“In February, Notre Dame of Dijon was vandalized, with hosts scattered about,” she notes. “At Notre Dame Church in Nimes, a cross was recently drawn on the wall using excrement and consecrated Communion hosts. Notre Dame of France Catholic bookstore was vandalized last September.”

Indeed, according to the Observatory on Intolerance and Discrimination Against Christians in Europe, such attacks in France have been relentless for the past four years.” Who’s behind this trend? “A variety of extremists enraged by the identities and teachings that the churches symbolize — Christianity, French nationalism and Western civilization at large.”

Anglican & Catholics: Persecuted Christians and Their Passive PC Leaders

Murder of Christians

After the Easter slaughter in Sri Lanka, why did bishops fail to stand up for their flock?

Last week, I wrote about the West’s unerring capacity for self-immolation. Forgive me for returning to the subject, but last weekend’s massacre in Sri Lanka has underscored how self-destructive our elites can be.

When 250 people were killed by suicide bombers, many of them as they attended Easter Sunday services, it was a harrowing reminder of the intensifying persecution of Christians around the world. The slaughter followed similar assaults in Nigeria, Egypt, Syria, Indonesia and a dozen other countries in the past year alone. According to a recent Pew Research study, Christians are the most widely harassed faithful on Earth. They were attacked for their religion in 144 countries in 2016, more than Muslims, Jews or any other group.

So you would think that the latest horror might induce the official Christian leadership to speak out in defense of their people. John Sentamu, the archbishop of York—the second-highest-ranking cleric in the Anglican communion—had an opportunity. Interviewed on the BBC on Monday, he was asked if this was now a moment to plant a flag for Christians who find themselves under siege.

The archbishop whiffed. “Violence of any sort, to any community, any group, is totally unacceptable. The flag I want to fly is a flag of peace,” he said. Along with the Catholic cardinal of Colombo, he wanted to “ask Christians to refrain from taking any retributory steps against their Muslim brothers.”

One of the most prominent pastors in the world, faced with the scattering of his flock by a pack of murderous wolves, manages to avoid blaming the perpetrators for the carnage and actually worries aloud that the problem might actually be the Christians. Quite a feat after 300 or so of your coreligionists have been blown to bits by supporters of a fanatical religious ideology. Jesus wept, as the Bible tells us.

Why does this keep happening? To be fair, part of the explanation is that this is the very essence of the Christian message: Turn the other cheek. Find the beam in our own eye before pointing to the mote in others. As a creed for individual living, it is imperfectible. But for an entire community under attack, it’s a recipe for self-extinction.

Christian leaders in the West are afraid to upset the politically correct crowd who control the media.

According to another Anglican bishop, Philip Mountstephen of Truro, who is leading a church inquiry into the rising persecution of Christians, the reason for the widespread reluctance among leaders—religious and secular—to take the continuing war against Christians seriously is a lingering sense of historical responsibility. “There is a lot of postcolonial guilt around a residual sense that the Christian faith is an expression of white Western privilege,” he told the Times of London.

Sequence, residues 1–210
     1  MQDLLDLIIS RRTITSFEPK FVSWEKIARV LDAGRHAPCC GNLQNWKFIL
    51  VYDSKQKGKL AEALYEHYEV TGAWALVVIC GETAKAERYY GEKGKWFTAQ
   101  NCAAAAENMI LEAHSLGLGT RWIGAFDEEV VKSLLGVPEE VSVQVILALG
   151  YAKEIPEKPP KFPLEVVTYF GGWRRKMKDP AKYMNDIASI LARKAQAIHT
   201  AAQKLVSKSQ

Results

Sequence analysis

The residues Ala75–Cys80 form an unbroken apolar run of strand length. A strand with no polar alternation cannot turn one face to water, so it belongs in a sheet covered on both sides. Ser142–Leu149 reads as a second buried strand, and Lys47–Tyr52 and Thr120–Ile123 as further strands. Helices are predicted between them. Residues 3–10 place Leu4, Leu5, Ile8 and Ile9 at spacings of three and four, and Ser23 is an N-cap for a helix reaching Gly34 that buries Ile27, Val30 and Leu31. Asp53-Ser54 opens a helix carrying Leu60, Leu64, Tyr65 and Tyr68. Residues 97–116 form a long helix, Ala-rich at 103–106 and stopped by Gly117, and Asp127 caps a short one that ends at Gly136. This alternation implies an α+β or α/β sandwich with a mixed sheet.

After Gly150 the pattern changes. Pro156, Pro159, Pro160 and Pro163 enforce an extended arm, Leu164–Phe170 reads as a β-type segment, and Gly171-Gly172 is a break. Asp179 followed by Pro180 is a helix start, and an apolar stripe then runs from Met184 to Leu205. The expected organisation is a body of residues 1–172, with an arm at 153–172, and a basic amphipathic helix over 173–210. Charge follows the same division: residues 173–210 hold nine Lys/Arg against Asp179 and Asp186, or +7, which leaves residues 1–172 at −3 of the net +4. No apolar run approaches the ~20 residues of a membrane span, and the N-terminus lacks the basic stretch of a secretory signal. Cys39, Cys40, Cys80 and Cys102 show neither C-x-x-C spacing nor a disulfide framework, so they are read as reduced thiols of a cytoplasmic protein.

This would be absurd even if the people who were being murdered in their hundreds each year were indeed wealthy white Christians in stately homes and colonial mansions. Yet, as the bishop went on to point out, the vast majority of Christians suffering today aren’t white wealthy Westerners. Most are from the relatively poor global South: Asia, Africa, the Middle East, Latin America. To their already unsupportable lot of grinding poverty, they must add the risk of being assaulted by governments, religious vigilantes, gangs and others.

To compound their plight, it seems many Christian leaders in the West are so afraid to upset the politically correct crowd who control the media and cultural establishment that they won’t even speak out. These clerics often find it more congenial to weigh in forcefully on other issues of pressing concern, where they know they’re in no danger of losing invitations for TV interviews and fancy premieres.

I would respectfully suggest to the bishops of the Anglican persuasion—and quite a few of their Catholic brethren too—that however serious and acute you might think the threat of climate change or workplace discrimination, the larger and more immediate threat to Christians in many parts of the world is that they might not get through their next church service without someone dispatching them to eternity to shouts of “Allahu akbar.”

Addressing the rising threat of persecution will require concerted and complex action, policies enacted by governments to isolate and pursue the murderers and those who abet them, and direct support of threatened communities. None of that will be easy. But surely it must start with a willingness by church leaders to call the threat what it is.

By Gerard Baker

The truth about the ‘global white extremist threat’

No Jews